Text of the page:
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Knights, Pirates and Pharaohs, Oh My

RANDOM MUSINGS on the fin-de-millénaire games scene . . .

12 September 2006 . . . Themes, or rather the lack of novel ones, was the lament of my recent comments on Robber Knights (Raubritter) , the title of yet another in a long string of medieval settings that didn't have to be. But there's no need for surprise at this. The existence of so many games about the middle ages, pirates and ancient Egypt points to only one reality: people will try to make a lot of money.

Ultimately the publisher decides the theme rather than the inventor, so the responsibility tends to lie more there. In fact, at this point I understand that inventors have become so dubious about the possibility of their themes surviving publication that most have become apathetic about theme in general.

But why does theme make such a difference? Isn't there an audience for everything? Maybe not. And for one very big reason called the Spiel des Jahres. Follow the money with me now.

  1. Every publisher (and inventor too!) wants to win the Spiel des Jahres because this jury's little stamp of approval can elevate sales from a few thousands to a few hundred thousands.
  2. The fact is that a lot of these extra sales come from a group who all year long do not buy any games, in fact, grandparents buying the Christmas present game for their grandchildren.
  3. Think a moment about grandparents. Are most of them going to want to buy a game about science fiction, which in the public mind is associated with shooting and explosions? Do they want to buy a game about ruthless business moguls? Do they want something on cheap entertainment like modern sports? Or are they far more likely to pick something which looks non-threatening and seems to have at least some redeeming features in terms of educating about history?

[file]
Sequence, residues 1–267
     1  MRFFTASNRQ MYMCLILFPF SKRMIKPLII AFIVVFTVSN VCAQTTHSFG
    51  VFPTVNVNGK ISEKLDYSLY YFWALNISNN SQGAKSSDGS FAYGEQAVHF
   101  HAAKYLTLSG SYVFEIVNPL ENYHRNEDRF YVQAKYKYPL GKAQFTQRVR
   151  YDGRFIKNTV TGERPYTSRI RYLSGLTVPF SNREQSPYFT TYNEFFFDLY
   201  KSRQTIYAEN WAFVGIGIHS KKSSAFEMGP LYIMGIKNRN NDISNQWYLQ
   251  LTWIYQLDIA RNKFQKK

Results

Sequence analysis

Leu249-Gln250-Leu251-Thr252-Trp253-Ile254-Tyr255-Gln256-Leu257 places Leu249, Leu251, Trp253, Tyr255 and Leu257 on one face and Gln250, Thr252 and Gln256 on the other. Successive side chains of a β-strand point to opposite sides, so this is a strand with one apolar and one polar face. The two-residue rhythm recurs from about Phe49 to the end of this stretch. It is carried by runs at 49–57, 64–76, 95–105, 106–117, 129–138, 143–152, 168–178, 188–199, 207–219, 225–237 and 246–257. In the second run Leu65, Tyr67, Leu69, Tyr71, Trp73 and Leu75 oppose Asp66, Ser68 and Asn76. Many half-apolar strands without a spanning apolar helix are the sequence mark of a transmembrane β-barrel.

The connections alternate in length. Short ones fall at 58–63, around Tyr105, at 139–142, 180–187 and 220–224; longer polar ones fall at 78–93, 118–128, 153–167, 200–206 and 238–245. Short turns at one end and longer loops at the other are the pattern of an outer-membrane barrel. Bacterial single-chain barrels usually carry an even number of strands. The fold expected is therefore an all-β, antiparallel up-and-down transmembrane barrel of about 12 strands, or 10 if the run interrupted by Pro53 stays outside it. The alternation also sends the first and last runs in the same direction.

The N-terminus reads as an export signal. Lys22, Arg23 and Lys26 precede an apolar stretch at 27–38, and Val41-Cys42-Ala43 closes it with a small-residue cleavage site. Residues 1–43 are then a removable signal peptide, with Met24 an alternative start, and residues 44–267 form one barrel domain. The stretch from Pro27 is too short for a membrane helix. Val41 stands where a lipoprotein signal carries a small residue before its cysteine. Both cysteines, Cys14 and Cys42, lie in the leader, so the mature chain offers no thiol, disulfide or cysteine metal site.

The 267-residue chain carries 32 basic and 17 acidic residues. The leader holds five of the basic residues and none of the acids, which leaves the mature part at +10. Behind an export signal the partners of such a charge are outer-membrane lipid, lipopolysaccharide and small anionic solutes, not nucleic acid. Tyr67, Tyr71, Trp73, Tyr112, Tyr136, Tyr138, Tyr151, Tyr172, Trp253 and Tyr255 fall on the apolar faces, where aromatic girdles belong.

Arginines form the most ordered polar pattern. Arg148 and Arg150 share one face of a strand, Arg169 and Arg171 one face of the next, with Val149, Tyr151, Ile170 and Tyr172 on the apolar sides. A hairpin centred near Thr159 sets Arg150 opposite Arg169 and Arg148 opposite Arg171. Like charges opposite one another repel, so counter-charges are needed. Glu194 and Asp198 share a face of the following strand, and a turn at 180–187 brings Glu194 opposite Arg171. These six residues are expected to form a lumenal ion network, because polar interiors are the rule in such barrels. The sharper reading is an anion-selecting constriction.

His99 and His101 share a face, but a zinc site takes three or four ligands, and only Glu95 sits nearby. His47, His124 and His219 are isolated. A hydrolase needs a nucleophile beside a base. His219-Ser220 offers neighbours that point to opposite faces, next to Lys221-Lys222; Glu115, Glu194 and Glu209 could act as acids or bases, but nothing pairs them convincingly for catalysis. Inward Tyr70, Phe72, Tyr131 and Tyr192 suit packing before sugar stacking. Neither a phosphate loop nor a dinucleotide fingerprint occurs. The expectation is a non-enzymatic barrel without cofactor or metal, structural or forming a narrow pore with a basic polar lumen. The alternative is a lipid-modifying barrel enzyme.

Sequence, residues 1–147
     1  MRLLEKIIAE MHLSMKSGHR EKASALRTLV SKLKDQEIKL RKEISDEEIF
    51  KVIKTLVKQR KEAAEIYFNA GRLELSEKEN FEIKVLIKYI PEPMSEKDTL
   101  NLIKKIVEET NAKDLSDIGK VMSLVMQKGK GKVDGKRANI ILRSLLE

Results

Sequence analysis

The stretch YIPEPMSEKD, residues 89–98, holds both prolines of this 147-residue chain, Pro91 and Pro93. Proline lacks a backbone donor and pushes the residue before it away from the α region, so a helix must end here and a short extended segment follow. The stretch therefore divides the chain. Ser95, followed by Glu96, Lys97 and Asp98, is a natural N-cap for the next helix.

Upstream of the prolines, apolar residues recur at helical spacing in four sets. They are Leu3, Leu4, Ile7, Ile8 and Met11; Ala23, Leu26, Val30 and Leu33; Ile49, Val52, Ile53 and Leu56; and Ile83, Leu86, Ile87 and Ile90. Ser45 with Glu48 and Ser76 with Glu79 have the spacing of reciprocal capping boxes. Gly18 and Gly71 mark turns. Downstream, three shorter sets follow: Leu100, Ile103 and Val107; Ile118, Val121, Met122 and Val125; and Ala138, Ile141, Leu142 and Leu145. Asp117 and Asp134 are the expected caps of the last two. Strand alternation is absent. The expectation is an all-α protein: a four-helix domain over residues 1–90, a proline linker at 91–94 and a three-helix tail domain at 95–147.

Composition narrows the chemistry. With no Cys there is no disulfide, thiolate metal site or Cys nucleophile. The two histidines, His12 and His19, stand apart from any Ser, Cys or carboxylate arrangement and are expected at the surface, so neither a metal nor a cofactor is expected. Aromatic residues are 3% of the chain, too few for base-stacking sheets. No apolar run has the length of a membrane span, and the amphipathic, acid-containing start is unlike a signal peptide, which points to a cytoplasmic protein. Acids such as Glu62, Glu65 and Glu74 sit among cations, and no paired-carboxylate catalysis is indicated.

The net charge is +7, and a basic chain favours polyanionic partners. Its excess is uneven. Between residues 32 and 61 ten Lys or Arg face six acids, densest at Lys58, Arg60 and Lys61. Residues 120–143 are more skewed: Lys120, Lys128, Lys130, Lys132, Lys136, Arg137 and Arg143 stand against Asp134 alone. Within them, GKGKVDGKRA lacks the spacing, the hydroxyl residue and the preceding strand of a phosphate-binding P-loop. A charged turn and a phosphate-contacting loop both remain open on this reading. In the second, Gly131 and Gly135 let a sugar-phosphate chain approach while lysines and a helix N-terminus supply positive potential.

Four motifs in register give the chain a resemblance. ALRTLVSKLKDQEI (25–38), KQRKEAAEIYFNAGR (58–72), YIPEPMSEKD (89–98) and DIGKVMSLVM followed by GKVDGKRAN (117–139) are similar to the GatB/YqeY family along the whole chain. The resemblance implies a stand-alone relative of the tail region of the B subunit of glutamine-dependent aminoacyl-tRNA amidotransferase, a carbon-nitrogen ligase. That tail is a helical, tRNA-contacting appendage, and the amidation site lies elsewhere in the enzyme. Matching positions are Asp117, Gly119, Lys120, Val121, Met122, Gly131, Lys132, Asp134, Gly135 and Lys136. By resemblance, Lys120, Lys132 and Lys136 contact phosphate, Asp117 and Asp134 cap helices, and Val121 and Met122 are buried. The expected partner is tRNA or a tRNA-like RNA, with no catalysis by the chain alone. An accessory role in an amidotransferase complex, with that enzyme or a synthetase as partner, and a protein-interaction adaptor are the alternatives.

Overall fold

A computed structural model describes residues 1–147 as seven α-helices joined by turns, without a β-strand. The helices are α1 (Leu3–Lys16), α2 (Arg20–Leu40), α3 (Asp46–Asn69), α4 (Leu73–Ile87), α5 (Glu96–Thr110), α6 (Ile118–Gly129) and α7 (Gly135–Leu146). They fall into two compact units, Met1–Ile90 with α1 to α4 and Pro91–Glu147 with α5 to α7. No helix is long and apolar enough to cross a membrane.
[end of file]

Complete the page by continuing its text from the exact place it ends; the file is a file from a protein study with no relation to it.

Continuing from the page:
So the gaming fanatic shouldn't be surprised by a system creating products catering to a proven audience.

It might be interesting to have a look in fact at the Spiel des Jahres winners, from a thematic basis and. A tally by theme came up with

More significantly, the medieval theme has really come up big in more recent years when the award has really gained its importance.

Interestingly, the transport theme has picked up a bit lately and may be growing.

We can see what the aberrations have been: art and archaeology (too esoteric?); restaurants (too bland and too narrow) and spies (too violent?).

Violence too has probably exluded the pirate game thus far; it must be that its success comes from some other source.

Egypt has also somehow failed to appear so far, perhaps also being too esoteric.

Abstracts made a good start, but have not really held up.

The same goes for fantasy.

But maybe there's hope, science fiction fans. When your generation becomes grandparents, maybe then there will be sufficient openness to the topic that such games can get made. Let's watch and see, shall we?

For the curious, here's how I classified them:

  1. Hare & Tortoise - fantasy
  2. Rummikub - abstract
  3. Focus - abstract
  4. Enchanted Forest - fantasy
  5. Scotland Yard - cops and robbers
  6. Railway Rivals - transport
  7. Sherlock Holmes Consulting Detective - cops and robbers
  8. Heimlich & Co. - spies
  9. Auf Achse - transport
  10. Barbarossa - fantasy
  11. Café International - restaurant
  12. Adel Verpflichtet - art
  13. Drunter und Drüber - civic planning
  14. Um Reifenbreite - racing
  15. Liar's Dice - abstract
  16. Manhattan - civic planning
  17. Settlers of Catan - medieval
  18. El Grande - medieval
  19. Mississippi Queen - racing
  20. Elfenland - fantasy
  21. Tikal - archaeology
  22. Torres - medieval
  23. Carcassonne - medieval
  24. Villa Paletti - civic planning
  25. Alhambra - medieval
  26. Niagara - transport
  27. Thurn und Taxis - medieval
  28. Ticket to Ride - transport


by Rick Heli